GLENVILLE — The committee working on a policing reform plan for the town of Glenville is seeking public input as it gets closer to creating a plan to submit to the state ahead of an April 1 deadline.
The committee, headed by Town Supervisor Chris Koetzle and Police Chief Stephen V. Janik, hopes to complete a draft plan by March 3 for submission to the Town Board, and have the Town Board review it and approve it at the March 17 Town Board meeting, Koetzle said.
Glenville, like every municipality in New York state with a local law enforcement agency, has to complete a reform plan under an executive order Gov. Andrew M. Cuomo issued last June. The goal is that police agencies come to grips with any issues of racially biased policing within the agency, and seek to improve police/community relations.
“Your responses will be critical to our mission of identifying strategies for effective policing standards and will be used to help guide the committee’s work,” the committee said in releasing the survey this week. The survey is available on the town website under the “News” tab.
The survey asks such questions as how safe people generally feel in Glenville, and whether they think there are parts of the community that need more police attention. It asks about the public’s perception of police and the reasons for that perception, but not directly about whether there is perceived racial bias. Both residents and non-residents can fill out the anonymous survey.
Statistical tabulations of arrest data from recent years shows that Black people were arrested at a disproportionate rate to the town population — they were 26 percent of all arrests. Many of those arrests appear to be of people shopping in Glenville but coming from other places. Seventy percent of the Black individuals who were arrested had been detained at a store for shoplifting, according to 2019 data provided by the state Division of Criminal Justice Services.
Broken down, the report found that Glenville police made 381 arrests in 2019, of which 250 (65 percent) were white suspects, 99 (26 percent) were Black, and 25 (6.5 percent) were Hispanic. Among the arrests of Black individuals, 70 percent were for shoplifting, and 14 percent were for marijuana or drug charges. Of the arrests of white people, 33 percent were for shoplifting.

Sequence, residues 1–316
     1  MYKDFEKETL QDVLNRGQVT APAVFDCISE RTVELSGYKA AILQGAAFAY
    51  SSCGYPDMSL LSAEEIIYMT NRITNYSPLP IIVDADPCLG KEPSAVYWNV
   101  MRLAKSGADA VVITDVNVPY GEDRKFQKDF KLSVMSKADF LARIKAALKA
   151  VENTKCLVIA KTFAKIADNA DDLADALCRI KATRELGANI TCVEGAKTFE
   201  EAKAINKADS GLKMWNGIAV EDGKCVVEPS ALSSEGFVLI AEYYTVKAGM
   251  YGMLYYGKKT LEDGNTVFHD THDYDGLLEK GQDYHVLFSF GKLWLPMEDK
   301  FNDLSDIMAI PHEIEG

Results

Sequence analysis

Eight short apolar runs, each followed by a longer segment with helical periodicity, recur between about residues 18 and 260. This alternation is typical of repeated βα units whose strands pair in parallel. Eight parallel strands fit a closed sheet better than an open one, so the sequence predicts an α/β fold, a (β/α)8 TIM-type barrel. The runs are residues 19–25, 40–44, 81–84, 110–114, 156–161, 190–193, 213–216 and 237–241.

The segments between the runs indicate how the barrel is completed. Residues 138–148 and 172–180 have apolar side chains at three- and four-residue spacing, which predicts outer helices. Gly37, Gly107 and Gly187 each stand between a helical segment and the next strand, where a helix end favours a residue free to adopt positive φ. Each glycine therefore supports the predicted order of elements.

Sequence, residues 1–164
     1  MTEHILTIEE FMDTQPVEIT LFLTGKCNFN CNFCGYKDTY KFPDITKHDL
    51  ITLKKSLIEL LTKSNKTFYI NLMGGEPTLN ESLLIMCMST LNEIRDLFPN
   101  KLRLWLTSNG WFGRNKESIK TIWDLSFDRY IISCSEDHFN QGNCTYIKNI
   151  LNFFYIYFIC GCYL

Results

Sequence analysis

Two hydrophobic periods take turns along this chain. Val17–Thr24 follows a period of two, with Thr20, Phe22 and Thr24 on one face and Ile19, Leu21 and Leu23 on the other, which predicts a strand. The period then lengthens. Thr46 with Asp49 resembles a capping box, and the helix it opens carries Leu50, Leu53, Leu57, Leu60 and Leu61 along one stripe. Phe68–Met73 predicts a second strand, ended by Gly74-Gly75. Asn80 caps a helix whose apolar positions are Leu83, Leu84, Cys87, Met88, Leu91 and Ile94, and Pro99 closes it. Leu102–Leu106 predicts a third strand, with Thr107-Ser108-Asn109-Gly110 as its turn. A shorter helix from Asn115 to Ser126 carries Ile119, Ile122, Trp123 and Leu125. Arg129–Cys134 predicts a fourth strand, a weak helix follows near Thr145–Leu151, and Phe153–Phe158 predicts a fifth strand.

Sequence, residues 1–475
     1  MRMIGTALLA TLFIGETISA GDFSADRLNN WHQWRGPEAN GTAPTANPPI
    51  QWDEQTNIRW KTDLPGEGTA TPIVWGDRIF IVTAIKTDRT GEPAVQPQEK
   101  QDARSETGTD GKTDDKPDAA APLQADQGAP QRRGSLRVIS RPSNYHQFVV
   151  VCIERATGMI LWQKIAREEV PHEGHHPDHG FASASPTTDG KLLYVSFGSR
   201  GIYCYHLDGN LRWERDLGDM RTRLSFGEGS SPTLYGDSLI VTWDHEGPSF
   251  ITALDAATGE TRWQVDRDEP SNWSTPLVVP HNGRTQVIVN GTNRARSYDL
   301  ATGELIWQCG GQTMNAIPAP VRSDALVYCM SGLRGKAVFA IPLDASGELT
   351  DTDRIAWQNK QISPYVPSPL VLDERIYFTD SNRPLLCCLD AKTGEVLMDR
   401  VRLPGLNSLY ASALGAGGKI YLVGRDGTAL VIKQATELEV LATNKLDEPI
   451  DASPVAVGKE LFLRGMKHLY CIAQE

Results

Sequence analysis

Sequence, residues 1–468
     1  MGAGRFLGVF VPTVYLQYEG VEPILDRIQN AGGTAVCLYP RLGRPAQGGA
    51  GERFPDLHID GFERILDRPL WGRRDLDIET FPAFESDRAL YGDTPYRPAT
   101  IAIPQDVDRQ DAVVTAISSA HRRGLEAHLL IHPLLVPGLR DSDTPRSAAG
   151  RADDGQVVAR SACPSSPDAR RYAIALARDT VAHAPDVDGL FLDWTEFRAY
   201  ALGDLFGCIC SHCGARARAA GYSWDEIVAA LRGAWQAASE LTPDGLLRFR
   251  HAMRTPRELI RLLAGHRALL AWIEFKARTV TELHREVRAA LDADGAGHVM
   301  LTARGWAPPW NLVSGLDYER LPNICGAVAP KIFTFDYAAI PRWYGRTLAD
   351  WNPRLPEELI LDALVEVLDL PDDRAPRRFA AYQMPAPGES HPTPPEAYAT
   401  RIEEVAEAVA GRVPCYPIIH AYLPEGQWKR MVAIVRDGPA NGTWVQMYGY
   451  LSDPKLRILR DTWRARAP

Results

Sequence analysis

In a report from the committee, Janik wrote that the shoplifting arrests were generally due to calls from chain stores like Walmart, Target or one of the town’s supermarkets, where employees or security had observed a larceny and usually detained a suspect.
When those “reactive” arrests are subtracted from the total, Janik reported that white people accounted for 79.5 percent of the remaining arrests, Black people for 13.8 percent, and 6.7 percent fell into other racial categories.
The percentages are similar for other years going back through at least 2015, according to Janik’s report.
Elsewhere in the region, 30 percent of the people arrested by Niskayuna police are Black, according to a consultant helping Niskayuna with its police reform effort. Many of those arrested appeared not to be Niskayuna residents. Like Glenville, Niskayuna has a small Black population, but has shopping destinations that attract people from outside the towns.